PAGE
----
This article was published in Australian Dictionary of Biography, Volume 4, (MUP), 1972
James William Esmond (1822-1890), gold discoverer, was born on 11 April 1822 at Enniscorthy, County Wexford, Ireland, son of Michael Esmond, merchant, and his wife Mary, née Moran. He migrated to Port Phillip in 1840, worked on Westernport stations and then drove a weekly mail coach between Buninyong and the Horsham region. In 1849 he was stirred by news of gold in California and decided to try his luck there. He arrived too late to prospect much on his own as the best claims were occupied, so he worked as an overseer. In 1850 he sailed for Sydney in the same ship as Edward Hargraves.
Esmond returned to Buninyong and was contracting on stations when he met Dr George Hermann Bruhn, a German physician and geologist who was examining the area. He told Esmond of quartz reef he had seen at Burn Bank near Clunes. Esmond hurried there with his workmate, James Pugh; satisfied that the area was auriferous they enlisted the sawyers, Burns and Kelly, to work the claim. On 5 July 1851 Esmond went to Geelong and showed a few ounces of their gold to Alfred Clarke of the Geelong Advertiser. To questions about the locality of the find his reply was 'up among the mountains'. He went to Melbourne to buy iron for a cradle and returned through Geelong where on 15 July he told Clarke the locality of the find. Clarke published the news on 22 July and the rush started. On 22 August Esmond sent Clarke fourteen ounces (435 gm) of gold which were later sold in Melbourne, the first marketed in Victoria.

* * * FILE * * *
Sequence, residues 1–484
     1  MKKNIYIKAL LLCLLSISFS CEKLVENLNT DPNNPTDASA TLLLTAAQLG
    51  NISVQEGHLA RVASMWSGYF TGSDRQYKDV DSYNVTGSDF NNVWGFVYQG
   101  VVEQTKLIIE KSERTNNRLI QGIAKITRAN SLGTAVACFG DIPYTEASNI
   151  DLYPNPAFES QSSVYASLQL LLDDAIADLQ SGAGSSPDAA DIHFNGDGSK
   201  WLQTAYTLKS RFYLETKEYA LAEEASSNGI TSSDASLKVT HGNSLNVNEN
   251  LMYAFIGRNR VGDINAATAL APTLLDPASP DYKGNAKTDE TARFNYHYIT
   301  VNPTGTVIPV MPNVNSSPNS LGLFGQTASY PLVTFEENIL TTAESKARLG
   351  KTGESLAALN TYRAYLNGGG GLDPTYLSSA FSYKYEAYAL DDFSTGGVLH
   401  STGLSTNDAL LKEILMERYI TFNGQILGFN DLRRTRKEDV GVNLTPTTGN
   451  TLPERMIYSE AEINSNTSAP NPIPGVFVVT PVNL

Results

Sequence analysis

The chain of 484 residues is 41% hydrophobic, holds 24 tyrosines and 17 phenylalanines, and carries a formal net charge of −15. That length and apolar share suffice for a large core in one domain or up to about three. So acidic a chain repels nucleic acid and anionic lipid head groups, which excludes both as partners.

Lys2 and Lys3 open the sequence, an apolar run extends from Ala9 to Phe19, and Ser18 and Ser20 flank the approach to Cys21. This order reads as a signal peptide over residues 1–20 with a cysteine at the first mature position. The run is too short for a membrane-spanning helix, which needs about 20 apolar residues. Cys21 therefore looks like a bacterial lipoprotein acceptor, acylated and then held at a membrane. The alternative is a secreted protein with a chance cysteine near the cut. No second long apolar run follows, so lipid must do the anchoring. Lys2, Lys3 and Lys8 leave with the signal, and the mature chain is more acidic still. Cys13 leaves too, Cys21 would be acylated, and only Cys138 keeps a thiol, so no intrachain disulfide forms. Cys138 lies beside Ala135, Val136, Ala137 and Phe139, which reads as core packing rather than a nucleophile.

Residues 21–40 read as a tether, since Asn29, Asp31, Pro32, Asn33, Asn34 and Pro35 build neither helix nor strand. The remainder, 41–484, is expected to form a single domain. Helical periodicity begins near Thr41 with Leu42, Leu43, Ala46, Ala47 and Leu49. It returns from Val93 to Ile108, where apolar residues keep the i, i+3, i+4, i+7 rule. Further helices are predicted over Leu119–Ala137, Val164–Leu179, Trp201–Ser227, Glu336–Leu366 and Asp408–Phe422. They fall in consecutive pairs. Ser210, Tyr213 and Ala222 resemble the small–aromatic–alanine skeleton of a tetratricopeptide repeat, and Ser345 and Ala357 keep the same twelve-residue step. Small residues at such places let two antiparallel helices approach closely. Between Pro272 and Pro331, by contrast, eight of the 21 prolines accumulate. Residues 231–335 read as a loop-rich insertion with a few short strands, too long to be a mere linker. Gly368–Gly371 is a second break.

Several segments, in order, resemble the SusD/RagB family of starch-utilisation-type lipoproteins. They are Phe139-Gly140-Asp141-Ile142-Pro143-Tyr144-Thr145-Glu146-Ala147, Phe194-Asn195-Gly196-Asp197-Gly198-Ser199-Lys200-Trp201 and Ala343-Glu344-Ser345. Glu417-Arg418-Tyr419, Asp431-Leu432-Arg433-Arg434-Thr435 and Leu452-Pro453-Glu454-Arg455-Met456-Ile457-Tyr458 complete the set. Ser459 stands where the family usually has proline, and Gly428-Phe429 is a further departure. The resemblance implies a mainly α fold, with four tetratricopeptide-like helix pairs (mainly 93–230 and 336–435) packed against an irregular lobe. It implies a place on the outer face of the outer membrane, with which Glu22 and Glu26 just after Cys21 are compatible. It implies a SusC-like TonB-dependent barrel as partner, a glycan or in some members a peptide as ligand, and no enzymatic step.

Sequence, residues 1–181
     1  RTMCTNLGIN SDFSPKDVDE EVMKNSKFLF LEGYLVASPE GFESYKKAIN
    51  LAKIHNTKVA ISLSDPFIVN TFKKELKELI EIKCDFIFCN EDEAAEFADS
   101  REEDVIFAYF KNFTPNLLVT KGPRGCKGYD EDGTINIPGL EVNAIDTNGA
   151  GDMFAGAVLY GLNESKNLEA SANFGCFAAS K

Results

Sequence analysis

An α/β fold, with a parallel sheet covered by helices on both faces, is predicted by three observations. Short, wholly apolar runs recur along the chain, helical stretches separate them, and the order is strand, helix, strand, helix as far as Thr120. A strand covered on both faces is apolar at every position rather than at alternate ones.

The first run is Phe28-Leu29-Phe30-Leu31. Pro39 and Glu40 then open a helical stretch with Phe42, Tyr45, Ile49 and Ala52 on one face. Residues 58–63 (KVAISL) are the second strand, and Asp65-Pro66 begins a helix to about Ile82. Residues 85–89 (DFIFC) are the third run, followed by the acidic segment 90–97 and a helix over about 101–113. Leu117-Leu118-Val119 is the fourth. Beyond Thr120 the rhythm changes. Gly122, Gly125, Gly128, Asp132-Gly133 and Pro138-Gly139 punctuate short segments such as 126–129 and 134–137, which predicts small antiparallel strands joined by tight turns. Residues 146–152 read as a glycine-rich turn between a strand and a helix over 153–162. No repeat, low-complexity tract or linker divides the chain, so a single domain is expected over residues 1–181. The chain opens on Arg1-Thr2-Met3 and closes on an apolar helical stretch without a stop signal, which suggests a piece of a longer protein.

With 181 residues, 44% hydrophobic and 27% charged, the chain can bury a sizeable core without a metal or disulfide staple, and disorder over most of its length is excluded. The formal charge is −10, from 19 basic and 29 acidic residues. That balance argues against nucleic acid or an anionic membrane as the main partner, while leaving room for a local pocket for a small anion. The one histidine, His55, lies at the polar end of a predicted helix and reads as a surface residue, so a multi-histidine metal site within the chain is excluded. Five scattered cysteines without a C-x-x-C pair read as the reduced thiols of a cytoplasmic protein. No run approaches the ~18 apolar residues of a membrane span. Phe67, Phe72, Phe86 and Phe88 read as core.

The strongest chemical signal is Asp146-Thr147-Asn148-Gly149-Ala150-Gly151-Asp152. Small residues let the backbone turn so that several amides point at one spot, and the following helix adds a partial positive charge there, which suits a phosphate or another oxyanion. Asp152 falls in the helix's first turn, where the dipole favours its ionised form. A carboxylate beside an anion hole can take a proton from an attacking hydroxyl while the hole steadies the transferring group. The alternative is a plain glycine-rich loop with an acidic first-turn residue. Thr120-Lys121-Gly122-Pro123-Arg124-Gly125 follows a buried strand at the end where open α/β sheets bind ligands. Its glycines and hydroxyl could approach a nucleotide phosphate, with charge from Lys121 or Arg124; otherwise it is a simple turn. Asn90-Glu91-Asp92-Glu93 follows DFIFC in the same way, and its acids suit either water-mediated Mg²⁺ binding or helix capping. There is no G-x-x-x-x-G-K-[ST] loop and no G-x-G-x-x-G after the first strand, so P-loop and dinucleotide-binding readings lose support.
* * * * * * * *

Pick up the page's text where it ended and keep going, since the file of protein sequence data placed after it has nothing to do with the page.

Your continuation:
Esmond later moved to Ballarat where be became an influential miner. He fought as section commander under Peter Lalor at the Eureka Stockade. In 1865 he started a venture known as the New North Clunes Goldmining Co.; it was not a success though he persevered and sank some deep shafts. He finally sold it in desperation, only to see the buyers strike it rich in a few months. In his last years Esmond suffered much from Bright's disease and had financial difficulties. Because of his service to the community in first discovering gold, government aid was sought for him, but without success. A public subscription for him at Ballarat had raised over £150 when he died on 3 December 1890. The money was used to build a cottage for his widow Margaret, née McAuliffe; they had three sons and six daughters.
Esmond's repute as the first to discover gold in Victoria is doubtful. William Campbell and others had found gold before him but kept it secret. In 1853-54 the Legislative Council select committee on claims for the discovery of gold in Victoria accepted Esmond's evidence that he had found gold on 28 June 1851 and that his site was revealed on 22 July. However, Louis John Michel had made his find and given full particulars of his site at Anderson Creek (Warrandyte) on 5 July. The committee recommended rewards of £1000 to Michel for discovering and publicizing an available goldfield, to Esmond 'as the first actual producer of alluvial gold for the market'; other rewards were recommended for Campbell, Thomas Hiscock and Bruhn but were not paid for ten years. In defence of Esmond's claim, his find was worthwhile and was later sold in Melbourne, while Michel's was very small and given to the mayor of Melbourne as a souvenir. Esmond's find also led to the development of one of the world's greatest gold-producing centres at Ballarat, whereas the goldfields of the Upper Yarra were never important.
Louis R. Cranfield, 'Esmond, James William (1822–1890)', Australian Dictionary of Biography, National Centre of Biography, Australian National University, http://adb.anu.edu.au/biography/esmond-james-william-3485/text5339, published first in hardcopy 1972, accessed online 31 January 2015.
This article was first published in hardcopy in Australian Dictionary of Biography, Volume 4, (MUP), 1972